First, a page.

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Carrigdhoun Hurlers Exit Championship

JJ Hurley


 



Carrigdhoun's decision to withdraw from the senior divisional championship has opened a conversation about the South East's participation in the competition in the future.

 

It's believed the Carrigdhoun management informed the County Board after its proposed panel was whittled down from 24 to 12 on Monday night, as the opening match in the competition loomed against Duhallow next week.

 

With a proud history in the competition, team manager Declan O'Neill described the decision as very sad.

 

Outlining the difficulties the Carrigdhoun management team faced, "The reason we have withdrawn is because we can't get commitment from players," Declan said.

 

Outlining those difficulties, he pointed to a potential seven players travelling to America on J1 Visas, with Declan adding, "You can't blame them for that."

 

"You have clubs that are flat out, with a lot of injuries, and I don't know how many clubs I have rang over the past six weeks for a challenge match, and it is impossible to get one."

 

"We were looking at players and trying to get together over the past few weeks. As you know, we had very bad weather with pitches, so then clubs were playing catch-up and with teams playing different nights, and we just couldn't get together."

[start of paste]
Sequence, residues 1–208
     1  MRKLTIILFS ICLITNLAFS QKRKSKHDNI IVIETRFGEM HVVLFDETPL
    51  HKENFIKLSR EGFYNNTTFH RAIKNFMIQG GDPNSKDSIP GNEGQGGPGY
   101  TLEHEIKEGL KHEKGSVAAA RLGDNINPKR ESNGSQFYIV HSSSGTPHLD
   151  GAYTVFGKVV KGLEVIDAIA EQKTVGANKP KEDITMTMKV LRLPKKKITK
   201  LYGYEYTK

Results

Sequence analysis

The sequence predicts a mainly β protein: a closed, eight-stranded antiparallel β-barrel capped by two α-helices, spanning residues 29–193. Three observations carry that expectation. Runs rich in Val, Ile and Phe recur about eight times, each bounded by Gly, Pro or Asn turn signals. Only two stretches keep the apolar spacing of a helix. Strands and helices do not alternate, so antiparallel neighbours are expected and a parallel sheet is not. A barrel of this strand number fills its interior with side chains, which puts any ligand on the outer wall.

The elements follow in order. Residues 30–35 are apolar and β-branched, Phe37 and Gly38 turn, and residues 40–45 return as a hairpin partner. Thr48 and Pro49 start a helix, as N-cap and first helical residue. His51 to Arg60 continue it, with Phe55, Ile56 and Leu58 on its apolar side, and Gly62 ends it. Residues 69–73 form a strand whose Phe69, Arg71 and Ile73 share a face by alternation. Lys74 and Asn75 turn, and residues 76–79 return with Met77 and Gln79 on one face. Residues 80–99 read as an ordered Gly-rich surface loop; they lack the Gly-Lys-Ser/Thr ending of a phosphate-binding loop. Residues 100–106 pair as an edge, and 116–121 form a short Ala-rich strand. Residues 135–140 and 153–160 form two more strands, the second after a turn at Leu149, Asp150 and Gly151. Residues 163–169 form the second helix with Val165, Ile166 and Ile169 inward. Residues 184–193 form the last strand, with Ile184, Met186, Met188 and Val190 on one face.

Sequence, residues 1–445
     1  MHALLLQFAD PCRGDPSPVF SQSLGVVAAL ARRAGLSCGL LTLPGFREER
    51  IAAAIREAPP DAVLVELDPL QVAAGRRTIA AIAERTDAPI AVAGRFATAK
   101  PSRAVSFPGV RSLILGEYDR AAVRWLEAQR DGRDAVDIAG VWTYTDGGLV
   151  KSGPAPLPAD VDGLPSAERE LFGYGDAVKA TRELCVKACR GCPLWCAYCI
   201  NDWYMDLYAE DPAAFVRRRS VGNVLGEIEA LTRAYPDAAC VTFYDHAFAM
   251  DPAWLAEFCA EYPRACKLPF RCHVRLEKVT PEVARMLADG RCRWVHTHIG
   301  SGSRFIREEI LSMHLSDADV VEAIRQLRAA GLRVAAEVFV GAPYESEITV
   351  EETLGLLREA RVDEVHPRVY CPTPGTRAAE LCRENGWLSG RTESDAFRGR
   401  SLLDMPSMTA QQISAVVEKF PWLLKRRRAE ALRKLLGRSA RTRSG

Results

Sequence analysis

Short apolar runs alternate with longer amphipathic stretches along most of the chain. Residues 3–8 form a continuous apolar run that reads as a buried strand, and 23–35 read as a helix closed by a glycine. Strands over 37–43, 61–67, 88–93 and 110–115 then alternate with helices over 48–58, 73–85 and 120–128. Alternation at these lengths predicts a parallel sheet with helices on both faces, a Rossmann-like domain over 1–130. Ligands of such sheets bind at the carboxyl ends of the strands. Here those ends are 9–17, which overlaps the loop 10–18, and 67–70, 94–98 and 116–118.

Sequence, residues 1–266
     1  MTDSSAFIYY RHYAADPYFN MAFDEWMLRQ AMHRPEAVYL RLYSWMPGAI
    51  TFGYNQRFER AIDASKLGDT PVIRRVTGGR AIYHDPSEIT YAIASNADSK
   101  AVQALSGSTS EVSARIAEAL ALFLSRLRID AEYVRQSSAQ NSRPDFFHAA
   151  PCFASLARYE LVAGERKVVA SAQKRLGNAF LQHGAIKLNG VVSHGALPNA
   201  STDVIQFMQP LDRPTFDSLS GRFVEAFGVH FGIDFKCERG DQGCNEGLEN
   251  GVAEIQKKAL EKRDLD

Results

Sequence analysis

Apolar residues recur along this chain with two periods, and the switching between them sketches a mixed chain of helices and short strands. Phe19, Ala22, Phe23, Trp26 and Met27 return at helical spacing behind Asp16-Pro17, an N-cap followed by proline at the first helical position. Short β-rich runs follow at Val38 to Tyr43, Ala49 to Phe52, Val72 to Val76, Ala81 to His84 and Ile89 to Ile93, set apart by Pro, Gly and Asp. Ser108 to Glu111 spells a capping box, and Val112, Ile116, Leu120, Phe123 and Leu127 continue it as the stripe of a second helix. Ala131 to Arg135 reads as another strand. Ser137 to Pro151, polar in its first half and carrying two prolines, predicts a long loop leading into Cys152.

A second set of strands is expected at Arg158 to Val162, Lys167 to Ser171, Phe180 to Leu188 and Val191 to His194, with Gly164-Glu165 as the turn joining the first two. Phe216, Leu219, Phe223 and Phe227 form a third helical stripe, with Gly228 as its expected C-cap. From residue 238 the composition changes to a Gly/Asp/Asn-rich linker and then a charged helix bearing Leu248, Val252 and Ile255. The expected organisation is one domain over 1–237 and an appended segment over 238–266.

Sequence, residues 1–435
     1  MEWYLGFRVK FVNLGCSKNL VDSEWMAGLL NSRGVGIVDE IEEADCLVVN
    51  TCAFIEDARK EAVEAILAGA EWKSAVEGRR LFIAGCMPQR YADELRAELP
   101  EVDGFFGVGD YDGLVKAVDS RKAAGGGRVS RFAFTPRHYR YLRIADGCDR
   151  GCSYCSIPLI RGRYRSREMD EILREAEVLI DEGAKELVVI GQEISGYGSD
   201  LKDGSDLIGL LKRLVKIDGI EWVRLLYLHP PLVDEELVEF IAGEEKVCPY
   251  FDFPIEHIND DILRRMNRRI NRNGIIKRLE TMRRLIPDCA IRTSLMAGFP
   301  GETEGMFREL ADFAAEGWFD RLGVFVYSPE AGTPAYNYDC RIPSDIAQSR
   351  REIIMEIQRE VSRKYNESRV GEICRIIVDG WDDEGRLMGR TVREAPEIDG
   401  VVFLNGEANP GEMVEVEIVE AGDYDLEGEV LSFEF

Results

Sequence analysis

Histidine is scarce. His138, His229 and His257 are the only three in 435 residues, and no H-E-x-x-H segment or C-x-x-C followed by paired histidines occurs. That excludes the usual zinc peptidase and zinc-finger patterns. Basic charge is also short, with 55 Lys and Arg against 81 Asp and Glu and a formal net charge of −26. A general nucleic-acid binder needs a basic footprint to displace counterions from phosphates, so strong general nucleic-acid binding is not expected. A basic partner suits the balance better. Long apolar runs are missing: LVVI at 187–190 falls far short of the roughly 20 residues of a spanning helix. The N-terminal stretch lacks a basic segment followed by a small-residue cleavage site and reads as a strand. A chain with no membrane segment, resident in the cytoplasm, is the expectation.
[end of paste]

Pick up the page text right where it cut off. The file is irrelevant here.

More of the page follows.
One team that would benefit from allowing their players to appear in the senior ranks was Belgooly, with their impressive centre forward Eoin O' Donovan expected to lead the Carrigdhoun line.

 

Fresh from his recent duties with the Cork minors and set to return to the helm at Belgooly, team manager Seanie McGrath said, "While I am looking from the outside in, it is disappointing because it gives some players an opportunity they may not otherwise have." 

 

 

Togging out for their divisional team has always brought players to the attention of selectors on the county scene. 

 

Valley Rovers, Brendan O'Sullivan and Ballinhassig's Seanie McCarthy secured All-Ireland medals in the 80s, thanks to appearances on the Carrigdhoun senior team.

 

Demands on players have changed, "On the surface, you would think they are a very good side, but there are time constraints," said Eddie Murphy, Carrigaline's hurling team manager.

 

"You must understand the season is very compressed when the league is finished; you only have four to five weeks to prepare for the championship, and little time is available."

 

When comparing the divisions of Imokilly and the Carrigdhoun, "Imokilly are superbly organised, and they are predominantly a hurling division," Eddie said.

 

However, having worked with Duhallow previously, Eddie pointed to the success of any divisional side as creating an atmosphere similar to a club team.

 

He began his preparation before Christmas, with Monday nights set aside for the divisional side to train.

 

Reflecting on the role of the divisional teams, "I often thought it gave junior players a platform to play senior hurling, and I think it worked well, but maybe the days of the divisional side are numbered?" Eddie concluded. 




 

 

 

 

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